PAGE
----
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Pagano puts her foot down at Freihofer's Run

Pagano puts her foot down at Freihofer's Run

Former Syracuse University runner uses a late burst to overtake leader Diane Nukuri and win the 40th annual 5k in 15:48
Pagano puts her foot down at Freihofer's Run
Sarah Pagano, 26, of Brighton, Mass., sprints to the finish to win the 40th Freihofer's Run for Women in Albany on Saturday.
Photographer: PETER R. BARBER/GAZETTE PHOTOGRAPHER

ALBANY -- Three runners, three interior monologues.

Sarah Pagano: Hey, I don't have to settle for second or third. I'm still in this.

Stephanie Bruce: Go as hard as you can.

Diane Nukuri: Oh, maybe I have this.

The dreaded "maybe."

Nukuri led the 40th Freihofer's Run for Women 5k almost all the way on Saturday, but "almost" and "maybe" didn't quite cut it, as Pagano put her foot down and refused to settle for anything less than first, pulling out a dramatic victory in 15:48.

She kicked past Nukuri with just under a quarter of a mile left in the 3.1-mile race, as they went by One Commerce Plaza on the Washington Avenue downhill toward the finish in front of City Hall. Bruce (15:53) also improved her place just before the line, catching Nukuri (15:56) for second.

The Freihofer's Run celebrated its 40th running with one of the most competitive finishes the race has seen in recent years, as the trio of runners pulled out of an early lead pack of 10 and stuck together until Pagano's decisive late burst.

The 26-year-old New Jersey native, who lives in Brighton, Mass., while running for the Boston Athletic Association, was making her Freihofer's debut, but said she still found a comfort zone considering she's a former Syracuse University distance runner.

"Upstate New York seems like a home to me, so it feels very familiar coming back, anywhere in upstate New York," she said. "My family actually is all here, my grandparents and my parents and my brother and my aunt, so it kind of feels like home to me."

Nukuri was the tip of the arrowhead for most of the race and appeared comfortable, but the 5k distance caught up with the three-time Olympian, who prefers longer races, before she could quite get to the finish line first.

At the two-mile mark in Washington Park, after the runners had made it through the series of rolling hills, Nukuri led Bruce, then Pagano, in a tight line, and Nukuri still led making the right turn onto Washington Avenue for the long downhill straightaway.

Pagano moved past Bruce into second by the 4k, where Nukuri's split time was 12:56, and the three runners stayed in lockstep for much of the runway descent, until Pagano made a move for which Nukuri had no answer.

"I knew there was a big downhill, and from the looks of it on the way out, I knew we would have a tailwind, so use everything you can," Pagano said. "I was hurting. We all were. But that's what got me thinking, 'Hey, I don't have to settle for second or third. I'm still in this.'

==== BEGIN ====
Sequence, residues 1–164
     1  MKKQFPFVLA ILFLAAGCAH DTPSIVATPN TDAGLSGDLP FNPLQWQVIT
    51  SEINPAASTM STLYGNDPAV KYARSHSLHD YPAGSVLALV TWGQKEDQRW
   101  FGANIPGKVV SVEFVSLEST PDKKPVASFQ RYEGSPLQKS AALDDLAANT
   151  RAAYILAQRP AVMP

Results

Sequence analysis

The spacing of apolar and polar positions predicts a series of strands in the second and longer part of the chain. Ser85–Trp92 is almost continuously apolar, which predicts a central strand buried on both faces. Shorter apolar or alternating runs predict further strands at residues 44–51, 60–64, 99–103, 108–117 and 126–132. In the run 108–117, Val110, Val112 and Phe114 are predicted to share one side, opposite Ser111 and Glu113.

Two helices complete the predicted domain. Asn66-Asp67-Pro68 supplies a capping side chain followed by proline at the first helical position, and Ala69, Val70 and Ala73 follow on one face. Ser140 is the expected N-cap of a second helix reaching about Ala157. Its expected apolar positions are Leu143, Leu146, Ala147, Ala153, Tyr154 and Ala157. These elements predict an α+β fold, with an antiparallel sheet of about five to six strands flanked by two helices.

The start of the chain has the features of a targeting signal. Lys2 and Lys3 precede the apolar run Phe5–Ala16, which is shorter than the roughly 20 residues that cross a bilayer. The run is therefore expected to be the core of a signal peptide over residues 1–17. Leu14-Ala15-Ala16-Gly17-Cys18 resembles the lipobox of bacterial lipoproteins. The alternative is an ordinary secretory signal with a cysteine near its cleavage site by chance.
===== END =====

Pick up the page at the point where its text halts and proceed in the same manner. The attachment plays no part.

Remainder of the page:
"So I decided to give it one last push, which got me up to Diane, and I thought, 'Hey, I could still do this.' Just fight to the end, and it worked out."

Of the top three, Pagano was best equipped for the Freihofer's Run based on the 5k distance.

Nukuri, who was ninth at the New York City Marathon in 2017, prefers much longer races, and Bruce, who frequently trains with Nukuri in Flagstaff, Ariz., was coming off a 2:32:28 for 10th place at the London Marathon on April 22. 

Still, Nukuri liked her chances on Saturday when she came out of Washington Park.

"I thought I got them," she said. "I felt pretty good and thought, 'Oh, maybe I have this.' Then all of a sudden, my legs were just ... bad. And that's a really long finish. I gave it everything I had. I did all the work, and it didn't take me there."

"Diane's really strong and trains in Flagstaff, so we do a lot of running together, but I know with a downhill finish, that lends to the kickers," Bruce said. "I'm not necessarily the fastest, but I've committed over the last year to, the last minute of every race, I just say, 'Go as hard as you can.' I knew the race is never over until you cross the finish, and I wanted to give myself a chance to the very end."

Allie Kieffer of Buffalo even gave Nukuri a run at the end, finishing less than a second behind her in fourth after watching the lead trio from 15-20 meters behind for much of the race.

Based on resumes, Nukuri was considered the favorite coming into the race, if not a prohibitive one in a deep elite field. Pagano, who earned a check for $10,000 for the victory, took charge when it mattered most.

"Diane is always strong ... stay with her as long as possible and stay smooth and relaxed," she said. "It was anyone's race, and that's always fun, not knowing."

Saratoga Springs High school junior Kelsey Chmiel, two days after finishing first in the 3,000 at the Section II state meet qualifier, finished 10th in the Freihofer's Run in 16:45.

A total of 2,781 runners finished the race. See complete results here.

Reach Gazette Sportswriter Mike MacAdam at 518-395-3146 or [email protected]. Follow on Twitter @Mike_MacAdam.

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